Instead of the clinical procedural look of news specials, we wanted to have some grungy footage look like 16mm and others crisp HD. For some reason, it makes it feel like more of a journey. One of our subjects, Dale, purposefully had her press conference in front of a playground just to bring up the subject and address it head on. There was a little kid, about 13 years old, that saw us interviewing a potential subject in an alley. He came up to us and tried to sell us his weed, but quickly biked away when I lifted my camera and tried to get him to be in the documentary."
|Poster art for California 90420|
Even if Congressman Ron Paul insists that the war on drugs has been a total failure, many of the people who enact our nation's laws remain sadly misinformed about marijuana and hemp. Some are also under intense pressure from law enforcement lobbyists.
But where there is failure, there is also opportunity. Today, more than 88,000 residents of Colorado have medical marijuana identification cards. With millions of pot-smoking baby boomers enrolling in Medicare, the time may be ripe for a generation of American stoners to bring the full lobbying force of the AARP to bear on the issue of decriminalization.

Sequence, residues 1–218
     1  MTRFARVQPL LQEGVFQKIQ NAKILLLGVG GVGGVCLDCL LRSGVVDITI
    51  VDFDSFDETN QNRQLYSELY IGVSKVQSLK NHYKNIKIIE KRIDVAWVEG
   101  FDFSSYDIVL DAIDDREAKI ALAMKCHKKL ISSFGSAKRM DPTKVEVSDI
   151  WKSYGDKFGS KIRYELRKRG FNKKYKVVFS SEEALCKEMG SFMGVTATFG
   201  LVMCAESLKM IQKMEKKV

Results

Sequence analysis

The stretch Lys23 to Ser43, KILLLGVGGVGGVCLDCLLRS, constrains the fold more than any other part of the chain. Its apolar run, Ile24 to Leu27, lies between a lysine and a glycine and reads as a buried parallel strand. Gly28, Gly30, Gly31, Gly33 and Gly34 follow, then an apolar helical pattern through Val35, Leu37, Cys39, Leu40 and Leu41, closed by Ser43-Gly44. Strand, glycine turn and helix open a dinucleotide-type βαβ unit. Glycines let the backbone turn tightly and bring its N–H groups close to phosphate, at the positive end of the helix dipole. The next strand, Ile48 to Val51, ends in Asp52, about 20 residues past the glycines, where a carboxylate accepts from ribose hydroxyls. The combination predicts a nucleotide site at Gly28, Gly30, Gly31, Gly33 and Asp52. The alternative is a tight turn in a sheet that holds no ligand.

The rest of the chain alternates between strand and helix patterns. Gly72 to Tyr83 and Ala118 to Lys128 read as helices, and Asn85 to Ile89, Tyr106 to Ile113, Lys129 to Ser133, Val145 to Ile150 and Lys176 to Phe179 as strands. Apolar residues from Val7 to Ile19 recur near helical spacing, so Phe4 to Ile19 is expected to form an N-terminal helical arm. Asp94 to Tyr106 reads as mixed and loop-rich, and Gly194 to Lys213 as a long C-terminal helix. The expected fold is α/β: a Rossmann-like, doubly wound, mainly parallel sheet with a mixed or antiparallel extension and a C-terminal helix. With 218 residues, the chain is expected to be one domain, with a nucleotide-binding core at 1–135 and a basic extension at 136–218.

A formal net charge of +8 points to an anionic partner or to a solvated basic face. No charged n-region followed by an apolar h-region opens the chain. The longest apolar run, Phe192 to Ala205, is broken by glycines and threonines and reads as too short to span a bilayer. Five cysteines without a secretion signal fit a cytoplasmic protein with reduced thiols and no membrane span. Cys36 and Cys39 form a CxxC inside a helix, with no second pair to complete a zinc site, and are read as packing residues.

Without doubt, the most memorable personality interviewed in California 90420 is a 21-year-old "4:20-something” party girl who goes by the name of "Ix." Wildly enthusiastic about the benefits of smoking weed, she can be seen in the following clip describing a course she would like to see added to the curriculum at Oaksterdam University
California 90420 takes care to explain the different approaches some states are taking to legalizing marijuana. Washington's ballot measure, I-502, would create a legal change in the way state law regards marijuana while Colorado's measure would amend the state's constitution.
As I watched California 90420 I often found myself thinking of documentaries by the religious right which focused on sensationalist and provocative footage of drag queens and leathermen taken during gay pride parades. As earnest as those seeking to decriminalize marijuana may be, sometimes their exuberance while high becomes their worst enemy onscreen.
One's response to California 90420 may very well depend on one's usage of marijuana. Here's the trailer: